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USS Tawakoni (ATF-114)
Tawakoni 04
USS Tawakoni (ATF-114), date and location unknown.
Career (United States) US flag 48 stars.svg
Name: USS Tawakoni
Builder: United Engineering Company, San Francisco, CA
Launched: 23 October 1943
Commissioned: 16 September 1944
Struck: 1 June 1978
Motto: Salvage, Towing, Diving
Honors and
awards:
2 battle stars (World War II); 3 battle stars (Korean War); 4 campaign stars (Vietnam War)
Fate: Sold to Taiwan, 1 June 1978; recommissioned as Ta Mo (A-553).
Status: Serving in Taiwan Navy as of 2005
General characteristics
Class & type: Abnaki class Fleet Ocean Tug
Displacement: 1,330 long tons  standard
Length: 205 ft (62 m)
Beam: 38.5 ft (11.7 m)
Draft: 17 ft (5.2 m)
Propulsion: Diesel-electric, single screw
Speed: 16.5 kn (19.0 mph; 30.6 km/h)
Complement: 8 officers, 68 enlisted
Armament: 1 × 3"/50 dual-purpose gun; 2 x twin 40mm antiaircraft guns; 2 x 20mm single antiaircraft guns; 2 depth charge tracks

The USS Tawakoni (ATF-114) was an Abnaki class Fleet Ocean Tug that served on active duty with the U.S. Navy from 1944 to 1978, seeing action in World War II, the Korean War and the Vietnam War. After thirty-four years of service, she was sold to the Republic of China Navy (Taiwan), where she was still serving as of 2005.

World War IIEdit

Tawakoni was named after a Caddoan Indian tribe of the Wichita group that lived in Texas on the banks of the middle Brazos and Trinity Rivers during the 18th and 19th centuries. She began her naval career in the Pacific theater, joining the U.S. 5th fleet just in time for the invasion of Iwo Jima, which took place in February 1945. During this battle, Tawakoni assisted the destroyer minesweeper USS Gamble (DM-15) which had been hit by two 250 pound bombs on the 18th. She also assisted in retraction, towing and salvage operations off Iwo until the latter part of March, when she returned to Ulithi for repairs to minor damage suffered during the battle.

On 6 April 1945, Tawakoni was involved in the invasion of Okinawa when she was attacked by several Japanese kamikaze planes while assisting the badly damaged USS Bush (DD-529) about fifty miles from the island. Through violent maneuvering and excellent gunnery on the part of her crew, the ship managed to down five Japanese aircraft while suffering minimal damage herself. On 16 April, Tawakoni participated in the invasion of Ie Shima, where she towed the damaged USS Laffey (DD-724) to safety while downing yet another kamikaze plane. On 1 July, she made for Leyte in the Philippines, which is where V-J day found her.

Korean WarEdit

Following the Second World War, Tawakoni generally operated in the Pacific area, performing towing and other services and visiting ports from America to Asia. In November 1950, she joined Task Force 90, Amphibious Force, Far East, operating in support of United Nations efforts in Korea. During the Korean War, she took part in three campaigns: Communist China Aggression (1950–51); First UN Counteroffensive (1951); and the Communist China Spring Offensive (1951). She planted buoys in the channels at Wonsan, Hungnam and Inchon harbors, and provided towing services to ships of the 7th Fleet during her Korean service.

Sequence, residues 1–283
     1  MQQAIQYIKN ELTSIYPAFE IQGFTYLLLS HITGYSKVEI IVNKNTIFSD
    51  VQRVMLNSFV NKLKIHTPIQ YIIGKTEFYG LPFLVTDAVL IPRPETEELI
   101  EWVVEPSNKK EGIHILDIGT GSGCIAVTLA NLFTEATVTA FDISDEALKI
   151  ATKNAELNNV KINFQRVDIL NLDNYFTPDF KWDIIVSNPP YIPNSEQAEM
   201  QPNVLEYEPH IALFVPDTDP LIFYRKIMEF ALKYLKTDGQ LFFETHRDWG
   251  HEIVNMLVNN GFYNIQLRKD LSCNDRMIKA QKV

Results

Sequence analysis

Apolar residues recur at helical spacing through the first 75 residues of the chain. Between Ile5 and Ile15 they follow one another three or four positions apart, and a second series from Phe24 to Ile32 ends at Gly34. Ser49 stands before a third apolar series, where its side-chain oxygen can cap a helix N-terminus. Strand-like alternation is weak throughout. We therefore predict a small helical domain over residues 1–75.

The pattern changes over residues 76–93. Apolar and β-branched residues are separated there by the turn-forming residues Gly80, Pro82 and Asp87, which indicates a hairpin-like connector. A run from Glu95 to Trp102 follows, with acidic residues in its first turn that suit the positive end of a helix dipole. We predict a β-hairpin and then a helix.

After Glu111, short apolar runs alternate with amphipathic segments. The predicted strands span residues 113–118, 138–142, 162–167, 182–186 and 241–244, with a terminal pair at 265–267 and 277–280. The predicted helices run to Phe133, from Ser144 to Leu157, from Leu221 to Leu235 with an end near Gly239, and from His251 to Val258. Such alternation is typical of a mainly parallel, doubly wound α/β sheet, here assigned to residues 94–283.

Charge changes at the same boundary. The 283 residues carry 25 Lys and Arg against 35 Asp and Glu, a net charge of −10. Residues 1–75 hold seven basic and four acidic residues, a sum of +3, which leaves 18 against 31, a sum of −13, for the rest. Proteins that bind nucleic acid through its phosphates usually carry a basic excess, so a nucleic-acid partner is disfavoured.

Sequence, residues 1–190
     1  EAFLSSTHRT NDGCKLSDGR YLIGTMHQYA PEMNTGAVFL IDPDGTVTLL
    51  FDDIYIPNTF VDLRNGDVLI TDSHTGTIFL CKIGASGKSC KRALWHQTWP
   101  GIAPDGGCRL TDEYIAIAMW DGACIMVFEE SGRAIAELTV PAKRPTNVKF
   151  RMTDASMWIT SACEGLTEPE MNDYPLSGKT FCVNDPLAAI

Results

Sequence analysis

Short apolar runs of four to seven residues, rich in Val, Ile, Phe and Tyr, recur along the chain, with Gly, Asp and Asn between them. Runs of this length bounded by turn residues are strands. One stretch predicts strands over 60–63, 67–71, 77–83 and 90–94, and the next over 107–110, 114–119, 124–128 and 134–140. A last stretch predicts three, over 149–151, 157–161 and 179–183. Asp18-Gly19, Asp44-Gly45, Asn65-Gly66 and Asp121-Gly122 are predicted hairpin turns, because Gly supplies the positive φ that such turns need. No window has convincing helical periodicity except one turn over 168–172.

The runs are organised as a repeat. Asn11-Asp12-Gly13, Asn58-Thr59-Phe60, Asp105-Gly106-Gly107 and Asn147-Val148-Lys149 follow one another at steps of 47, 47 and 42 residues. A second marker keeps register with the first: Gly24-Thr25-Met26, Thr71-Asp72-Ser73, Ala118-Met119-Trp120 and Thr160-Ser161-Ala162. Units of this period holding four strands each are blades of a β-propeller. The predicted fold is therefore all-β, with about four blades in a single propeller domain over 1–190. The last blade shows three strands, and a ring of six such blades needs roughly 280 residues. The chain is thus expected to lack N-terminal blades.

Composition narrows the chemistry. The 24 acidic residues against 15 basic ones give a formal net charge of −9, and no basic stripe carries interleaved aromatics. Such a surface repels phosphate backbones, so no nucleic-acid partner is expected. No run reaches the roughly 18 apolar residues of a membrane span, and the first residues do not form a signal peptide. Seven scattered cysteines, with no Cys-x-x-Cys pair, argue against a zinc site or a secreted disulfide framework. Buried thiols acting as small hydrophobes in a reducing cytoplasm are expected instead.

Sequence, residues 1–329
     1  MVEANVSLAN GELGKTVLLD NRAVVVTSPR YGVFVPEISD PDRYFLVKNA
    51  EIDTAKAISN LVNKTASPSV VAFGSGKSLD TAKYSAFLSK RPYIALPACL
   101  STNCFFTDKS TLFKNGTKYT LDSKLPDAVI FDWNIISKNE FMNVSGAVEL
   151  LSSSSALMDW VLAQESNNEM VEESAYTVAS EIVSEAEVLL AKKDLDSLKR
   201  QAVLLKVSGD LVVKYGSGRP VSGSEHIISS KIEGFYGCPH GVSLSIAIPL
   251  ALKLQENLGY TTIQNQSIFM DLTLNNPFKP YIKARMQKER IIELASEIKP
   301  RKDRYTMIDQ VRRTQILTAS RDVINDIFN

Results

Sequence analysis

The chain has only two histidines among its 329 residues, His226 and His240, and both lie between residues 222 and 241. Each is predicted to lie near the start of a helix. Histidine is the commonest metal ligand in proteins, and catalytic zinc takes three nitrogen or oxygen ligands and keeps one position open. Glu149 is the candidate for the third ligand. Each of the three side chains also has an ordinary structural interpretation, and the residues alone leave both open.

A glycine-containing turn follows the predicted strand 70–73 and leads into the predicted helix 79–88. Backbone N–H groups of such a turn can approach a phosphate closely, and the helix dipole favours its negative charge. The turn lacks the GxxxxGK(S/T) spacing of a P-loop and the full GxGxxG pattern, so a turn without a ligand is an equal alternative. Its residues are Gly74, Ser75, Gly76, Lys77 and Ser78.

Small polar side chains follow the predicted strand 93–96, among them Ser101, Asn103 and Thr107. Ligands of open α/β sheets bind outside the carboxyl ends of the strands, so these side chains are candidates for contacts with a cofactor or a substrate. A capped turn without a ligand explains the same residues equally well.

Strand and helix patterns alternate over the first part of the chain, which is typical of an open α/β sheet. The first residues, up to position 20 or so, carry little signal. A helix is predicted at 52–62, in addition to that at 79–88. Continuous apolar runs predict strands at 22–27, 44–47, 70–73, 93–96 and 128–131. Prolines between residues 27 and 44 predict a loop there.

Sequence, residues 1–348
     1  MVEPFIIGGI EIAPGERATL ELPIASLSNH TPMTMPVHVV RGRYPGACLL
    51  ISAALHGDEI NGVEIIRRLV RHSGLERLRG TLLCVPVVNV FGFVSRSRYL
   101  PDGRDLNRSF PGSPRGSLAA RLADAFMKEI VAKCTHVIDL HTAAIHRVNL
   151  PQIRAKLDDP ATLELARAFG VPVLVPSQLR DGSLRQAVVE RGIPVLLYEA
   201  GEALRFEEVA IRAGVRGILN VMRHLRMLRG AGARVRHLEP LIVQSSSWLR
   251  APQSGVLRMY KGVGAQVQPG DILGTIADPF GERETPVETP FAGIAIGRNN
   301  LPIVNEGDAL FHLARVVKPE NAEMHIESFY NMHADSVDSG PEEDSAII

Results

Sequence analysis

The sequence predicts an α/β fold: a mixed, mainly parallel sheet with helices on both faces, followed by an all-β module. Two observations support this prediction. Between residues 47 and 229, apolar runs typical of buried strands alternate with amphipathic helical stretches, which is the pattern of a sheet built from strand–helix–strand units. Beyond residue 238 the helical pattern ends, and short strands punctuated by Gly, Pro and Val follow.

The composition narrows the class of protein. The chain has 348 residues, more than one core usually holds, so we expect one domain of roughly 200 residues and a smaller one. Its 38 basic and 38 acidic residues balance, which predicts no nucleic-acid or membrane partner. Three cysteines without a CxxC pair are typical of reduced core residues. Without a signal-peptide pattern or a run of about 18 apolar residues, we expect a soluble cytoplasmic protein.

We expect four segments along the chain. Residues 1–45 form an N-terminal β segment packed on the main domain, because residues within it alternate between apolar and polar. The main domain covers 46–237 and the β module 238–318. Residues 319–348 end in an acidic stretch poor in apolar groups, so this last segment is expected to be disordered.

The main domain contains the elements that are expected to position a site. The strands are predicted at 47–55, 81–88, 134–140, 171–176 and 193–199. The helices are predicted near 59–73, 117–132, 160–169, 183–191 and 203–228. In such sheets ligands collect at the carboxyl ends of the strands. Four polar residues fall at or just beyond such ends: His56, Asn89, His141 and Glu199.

Operation CastleEdit

In March 1954, Tawakoni was one of the ships tasked to support Operation Castle, a series of high-energy (high-yield) nuclear tests by Navy Joint Task Force SEVEN (JTF-7) at Bikini Atoll. The highest level of contamination recorded aboard the ship during this operation was 0.2 mr/hr.

Vietnam WarEdit

During the Vietnam War, Tawakoni would see service in three campaigns: Vietnam Counteroffensive Phase VI (1968–69), Tet 69 Counteroffensive (1969), and Winter-Spring 1970. During Phase VI, she participated in the surveillance of Soviet electronic intelligence trawlers monitoring U.S. operations in the Gulf of Tonkin. She also assisted in towing, recovery and similar operations during her time in Vietnam.

AwardsEdit

Tawakoni was awarded the appropriate service medals for World War II (including the American Campaign Medal and the Asiatic-Pacific Campaign Medal), Korea and Vietnam. She was also awarded two battle stars for her World War II service, three for her Korean War service, and four campaign stars for her Vietnam War service, together with a Combat Action Ribbon and a Navy Unit Commendation. Her crew during these periods earned the Navy Occupation Service Medal, the Armed Forces Expeditionary Medal, and the Republic of Korea War Service Medal, among other awards.

Taiwan Navy serviceEdit

In June 1978, Tawakoni was decommissioned and sold to Taiwan under the Security Assistance Program, where she was recomissioned in the Taiwan Navy as the ARM Ta Mo (A-553). She was still serving with this force as of 2005.

SourcesEdit

External linksEdit

  • USS Tawakoni. Offers several photos from the Tawakoni's service, circa 1958-78.
  • USS Tawakoni ATF-114. Offers six photos of the Tawakoni, including one of her as the Ta Mo.
  • Tawakoni and Castle. From pp. 26–27 of Towline, Summer 2007 edition. Reminiscences of a Tawakoni crewman on his vessel's participation in Operation Castle. Includes large B&W photo of the ship.
  • Tawakoni Helps Fishing Vessel. A typical towing operation on the Towakoni, on this occsation involving a civilian fishing boat in Alaskan waters.


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